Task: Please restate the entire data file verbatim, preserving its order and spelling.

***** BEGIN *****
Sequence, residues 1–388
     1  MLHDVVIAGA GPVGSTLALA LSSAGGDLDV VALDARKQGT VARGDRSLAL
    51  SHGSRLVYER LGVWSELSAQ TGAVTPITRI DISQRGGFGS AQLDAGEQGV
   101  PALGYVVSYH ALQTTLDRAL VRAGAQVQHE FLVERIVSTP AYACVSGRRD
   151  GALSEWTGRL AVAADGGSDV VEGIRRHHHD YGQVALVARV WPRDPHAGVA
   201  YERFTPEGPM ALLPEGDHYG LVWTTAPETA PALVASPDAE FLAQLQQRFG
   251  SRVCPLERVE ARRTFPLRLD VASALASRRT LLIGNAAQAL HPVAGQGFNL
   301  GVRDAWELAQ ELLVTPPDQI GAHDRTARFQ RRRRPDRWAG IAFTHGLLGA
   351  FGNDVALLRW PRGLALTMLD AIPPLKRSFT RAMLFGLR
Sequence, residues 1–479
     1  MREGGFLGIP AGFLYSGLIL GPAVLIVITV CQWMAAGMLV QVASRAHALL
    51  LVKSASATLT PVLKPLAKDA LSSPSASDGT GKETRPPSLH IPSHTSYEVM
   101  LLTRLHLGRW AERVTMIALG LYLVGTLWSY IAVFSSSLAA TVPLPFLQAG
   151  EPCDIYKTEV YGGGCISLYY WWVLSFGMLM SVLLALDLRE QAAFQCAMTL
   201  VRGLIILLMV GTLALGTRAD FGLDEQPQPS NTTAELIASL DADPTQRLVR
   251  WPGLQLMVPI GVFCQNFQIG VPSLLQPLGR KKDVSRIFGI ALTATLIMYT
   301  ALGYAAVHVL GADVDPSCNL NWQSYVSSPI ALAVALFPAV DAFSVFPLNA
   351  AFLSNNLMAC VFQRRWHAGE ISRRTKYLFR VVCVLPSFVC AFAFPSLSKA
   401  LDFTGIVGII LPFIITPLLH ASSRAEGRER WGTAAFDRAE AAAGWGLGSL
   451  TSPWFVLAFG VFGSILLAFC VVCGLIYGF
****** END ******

Sequence, residues 1–388
     1  MLHDVVIAGA GPVGSTLALA LSSAGGDLDV VALDARKQGT VARGDRSLAL
    51  SHGSRLVYER LGVWSELSAQ TGAVTPITRI DISQRGGFGS AQLDAGEQGV
   101  PALGYVVSYH ALQTTLDRAL VRAGAQVQHE FLVERIVSTP AYACVSGRRD
   151  GALSEWTGRL AVAADGGSDV VEGIRRHHHD YGQVALVARV WPRDPHAGVA
   201  YERFTPEGPM ALLPEGDHYG LVWTTAPETA PALVASPDAE FLAQLQQRFG
   251  SRVCPLERVE ARRTFPLRLD VASALASRRT LLIGNAAQAL HPVAGQGFNL
   301  GVRDAWELAQ ELLVTPPDQI GAHDRTARFQ RRRRPDRWAG IAFTHGLLGA
   351  FGNDVALLRW PRGLALTMLD AIPPLKRSFT RAMLFGLR
Sequence, residues 1–479
     1  MREGGFLGIP AGFLYSGLIL GPAVLIVITV CQWMAAGMLV QVASRAHALL
    51  LVKSASATLT PVLKPLAKDA LSSPSASDGT GKETRPPSLH IPSHTSYEVM
   101  LLTRLHLGRW AERVTMIALG LYLVGTLWSY IAVFSSSLAA TVPLPFLQAG
   151  EPCDIYKTEV YGGGCISLYY WWVLSFGMLM SVLLALDLRE QAAFQCAMTL
   201  VRGLIILLMV GTLALGTRAD FGLDEQPQPS NTTAELIASL DADPTQRLVR
   251  WPGLQLMVPI GVFCQNFQIG VPSLLQPLGR KKDVSRIFGI ALTATLIMYT
   301  ALGYAAVHVL GADVDPSCNL NWQSYVSSPI ALAVALFPAV DAFSVFPLNA
   351  AFLSNNLMAC VFQRRWHAGE ISRRTKYLFR VVCVLPSFVC AFAFPSLSKA
   401  LDFTGIVGII LPFIITPLLH ASSRAEGRER WGTAAFDRAE AAAGWGLGSL
   451  TSPWFVLAFG VFGSILLAFC VVCGLIYGF